Medal of Honor was originally released for the PlayStation console in 1999 in the United States, Europe, and Australia. Proving hugely successful, it was rereleased under the PlayStation Greatest Hits title in the US and PlayStation Platinum title in Europe. In June 2009 Medal of Honor was released on the PlayStation Network in the United States and Canada as a PSOne Classic for PlayStation 3 and PSP. The sequel, Medal of Honor: Underground, saw a similar PSOne Classic release a week later.
Call of Duty saw an expansion in United Offensive. It also provided significant changes to multiplayer, including introducing a ranking system that would become the norm for Call of Duty titles. CoD was originally released for Windows PCs in 2003 but was also ported to the Mac OS X in 2004. A handheld version was also released for the Nokia N-Gage in 2004. An HD version of CoD was released on PlayStation Network for PlayStation 3 and Xbox Live for Xbox 360 in 2009.
Both Medal of Honor and Call of Duty serve as the beginning for two long-running series.
Medal of Honor helped kickstart the rise of the World War II FPS genre and proved a significant success for console FPS in an era dominated by GoldenEye 007 on the Nintendo 64. Official UK PlayStation Magazine labeled it the 8th best PlayStation game in its final issue, while IGN has declared it in the top 25 PlayStation games of all time. Electronic Gaming Monthly named it in the top 200 games ever made in 2006. Unfortunately its depictions of graphic violence against the Nazis also secured its place on the German BPjS index, making the game illegal to sell or advertise to minors in Germany. It was followed a year later by Medal of Honor: Underground and then Medal of Honor: Allied Assault two years after that. By 2007, there were 14 entries(including two expansions to Allied Assault) in the MoH series across multiple consoles, handhelds, and PC. After 2007 and Call of Duty’s successful transition away from World War II, the Medal of Honor franchise also transitioned to a modern setting for two more games. The last of these, Medal of Honor: Warfighter, proved a commercial failure, and Electronic Arts put the series onto indefinite hold to focus solely on the Battlefield franchise. There have been no Medal of Honor games released since.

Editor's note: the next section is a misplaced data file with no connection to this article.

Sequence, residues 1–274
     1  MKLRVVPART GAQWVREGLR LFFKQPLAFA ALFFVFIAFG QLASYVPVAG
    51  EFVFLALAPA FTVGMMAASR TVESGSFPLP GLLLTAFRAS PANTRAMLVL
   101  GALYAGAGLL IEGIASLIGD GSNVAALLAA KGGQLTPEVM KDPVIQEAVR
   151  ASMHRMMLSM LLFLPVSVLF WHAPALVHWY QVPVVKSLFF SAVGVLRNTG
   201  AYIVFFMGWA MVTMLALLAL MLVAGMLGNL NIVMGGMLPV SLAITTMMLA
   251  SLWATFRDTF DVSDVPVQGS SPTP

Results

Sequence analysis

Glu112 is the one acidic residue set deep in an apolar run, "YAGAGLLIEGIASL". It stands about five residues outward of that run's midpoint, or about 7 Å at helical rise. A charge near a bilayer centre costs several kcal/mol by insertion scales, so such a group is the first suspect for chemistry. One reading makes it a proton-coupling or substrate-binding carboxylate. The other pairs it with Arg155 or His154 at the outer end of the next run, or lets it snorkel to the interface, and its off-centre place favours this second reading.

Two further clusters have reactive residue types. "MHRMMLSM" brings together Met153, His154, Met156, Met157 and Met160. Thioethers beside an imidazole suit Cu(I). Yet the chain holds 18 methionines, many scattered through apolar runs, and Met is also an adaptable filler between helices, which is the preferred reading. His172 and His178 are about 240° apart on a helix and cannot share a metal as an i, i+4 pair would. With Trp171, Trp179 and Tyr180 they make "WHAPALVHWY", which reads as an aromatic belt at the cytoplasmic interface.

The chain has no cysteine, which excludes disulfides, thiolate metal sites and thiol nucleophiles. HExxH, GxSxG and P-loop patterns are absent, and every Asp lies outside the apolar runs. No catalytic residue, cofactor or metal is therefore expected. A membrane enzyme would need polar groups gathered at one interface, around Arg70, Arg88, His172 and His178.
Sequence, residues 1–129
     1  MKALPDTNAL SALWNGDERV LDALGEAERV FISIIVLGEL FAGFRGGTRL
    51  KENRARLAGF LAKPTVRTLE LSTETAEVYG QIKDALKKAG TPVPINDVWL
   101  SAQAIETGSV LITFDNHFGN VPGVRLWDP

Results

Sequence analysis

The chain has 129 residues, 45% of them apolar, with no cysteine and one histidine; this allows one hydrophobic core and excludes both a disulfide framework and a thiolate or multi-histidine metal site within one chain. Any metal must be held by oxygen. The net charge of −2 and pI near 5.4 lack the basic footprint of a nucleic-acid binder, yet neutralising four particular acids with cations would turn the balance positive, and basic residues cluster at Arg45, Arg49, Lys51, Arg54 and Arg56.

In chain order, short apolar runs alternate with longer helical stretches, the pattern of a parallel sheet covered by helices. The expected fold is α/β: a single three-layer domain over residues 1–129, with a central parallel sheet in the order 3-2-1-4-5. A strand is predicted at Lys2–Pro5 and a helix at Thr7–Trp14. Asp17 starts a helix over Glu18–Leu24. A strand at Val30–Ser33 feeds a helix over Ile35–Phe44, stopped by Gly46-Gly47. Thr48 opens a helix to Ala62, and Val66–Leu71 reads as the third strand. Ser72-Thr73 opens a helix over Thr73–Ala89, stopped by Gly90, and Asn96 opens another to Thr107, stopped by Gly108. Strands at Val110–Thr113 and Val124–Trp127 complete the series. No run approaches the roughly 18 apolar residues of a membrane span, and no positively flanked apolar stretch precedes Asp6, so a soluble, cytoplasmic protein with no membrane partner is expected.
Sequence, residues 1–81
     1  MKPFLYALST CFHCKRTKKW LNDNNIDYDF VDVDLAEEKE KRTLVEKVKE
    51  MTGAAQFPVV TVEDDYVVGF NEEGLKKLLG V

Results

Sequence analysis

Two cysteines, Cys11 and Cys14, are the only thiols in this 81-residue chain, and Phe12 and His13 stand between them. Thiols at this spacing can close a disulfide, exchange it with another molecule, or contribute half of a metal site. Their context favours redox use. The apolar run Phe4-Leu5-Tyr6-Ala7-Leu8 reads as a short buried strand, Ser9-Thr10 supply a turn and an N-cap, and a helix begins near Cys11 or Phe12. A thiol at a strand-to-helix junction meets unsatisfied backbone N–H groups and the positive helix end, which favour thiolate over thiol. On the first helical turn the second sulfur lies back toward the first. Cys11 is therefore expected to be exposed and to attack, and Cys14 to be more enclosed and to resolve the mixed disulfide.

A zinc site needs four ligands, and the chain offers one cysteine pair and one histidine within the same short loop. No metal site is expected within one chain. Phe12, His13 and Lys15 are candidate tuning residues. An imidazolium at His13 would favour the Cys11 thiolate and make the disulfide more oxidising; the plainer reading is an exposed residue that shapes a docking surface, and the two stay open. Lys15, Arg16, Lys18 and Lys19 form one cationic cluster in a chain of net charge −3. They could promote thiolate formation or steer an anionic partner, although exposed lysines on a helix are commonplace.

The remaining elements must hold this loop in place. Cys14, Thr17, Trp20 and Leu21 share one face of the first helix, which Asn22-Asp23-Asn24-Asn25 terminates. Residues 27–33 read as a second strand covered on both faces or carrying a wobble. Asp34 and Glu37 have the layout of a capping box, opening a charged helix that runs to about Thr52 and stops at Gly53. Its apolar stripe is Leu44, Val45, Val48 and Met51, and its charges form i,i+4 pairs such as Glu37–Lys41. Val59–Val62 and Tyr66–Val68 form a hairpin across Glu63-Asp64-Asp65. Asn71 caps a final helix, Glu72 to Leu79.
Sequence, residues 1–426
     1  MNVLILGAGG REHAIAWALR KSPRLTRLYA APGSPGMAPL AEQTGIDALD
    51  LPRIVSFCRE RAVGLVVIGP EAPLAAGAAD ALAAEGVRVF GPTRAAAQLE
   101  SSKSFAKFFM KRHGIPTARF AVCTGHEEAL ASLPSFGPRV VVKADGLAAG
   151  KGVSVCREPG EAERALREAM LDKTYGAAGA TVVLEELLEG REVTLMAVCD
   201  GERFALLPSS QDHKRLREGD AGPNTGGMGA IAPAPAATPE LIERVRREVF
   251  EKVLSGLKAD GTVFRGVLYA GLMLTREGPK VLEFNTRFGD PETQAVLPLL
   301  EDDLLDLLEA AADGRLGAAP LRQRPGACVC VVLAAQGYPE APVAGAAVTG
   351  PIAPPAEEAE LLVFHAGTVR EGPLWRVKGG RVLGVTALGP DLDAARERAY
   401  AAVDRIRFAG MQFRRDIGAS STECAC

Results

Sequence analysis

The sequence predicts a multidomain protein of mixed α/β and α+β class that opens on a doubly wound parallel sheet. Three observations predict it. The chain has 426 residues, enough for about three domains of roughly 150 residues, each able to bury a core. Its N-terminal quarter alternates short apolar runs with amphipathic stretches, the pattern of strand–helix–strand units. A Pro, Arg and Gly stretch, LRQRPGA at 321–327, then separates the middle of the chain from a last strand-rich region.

Call of Duty proved to have a lasting impact on the market and began the basis for an even longer series of First Person Shooters. The first CoD received numerous accolades and was included in PC Gamer’s 50 best games of all time list in 2005 as well as the book 1001 Games You Must Play Before You Die. By the time the game transitioned to a modern warfare setting with the 2007 release Call of Duty 4: Modern Warfare, there were already six different CoD releases for PC, consoles, and portables. These games incorporated the leveling systems and regenerating health that would make the series famous, while the first Modern Warfare served as the progenitor for a new line of Call of Duty releases. As of 2016, there are 23 games in the series, including mobile titles, one massive multiplayer online game, and console or portable variants or spin-offs of other titles. A remastered version of Call of Duty 4: Modern Warfare is currently in development for release in November, 2016, to be released alongside the next game, Call of Duty: Infinite Warfare. Outside of games, there has been a comic book, action figures, a trading card game, and several fan films based on the Call of Duty universe. Activision Blizzard Studios is currently developing a feature length film to possibly start a series by the end of this decade. Activision Blizzard has also begun the Call of Duty Endowment(CODE) to help find employment for US military veterans, donate funds to veterans organizations, and donate games to soldiers for morale purposes. As of 2015, CODE is estimated to have helped find employment for 14,700 veterans.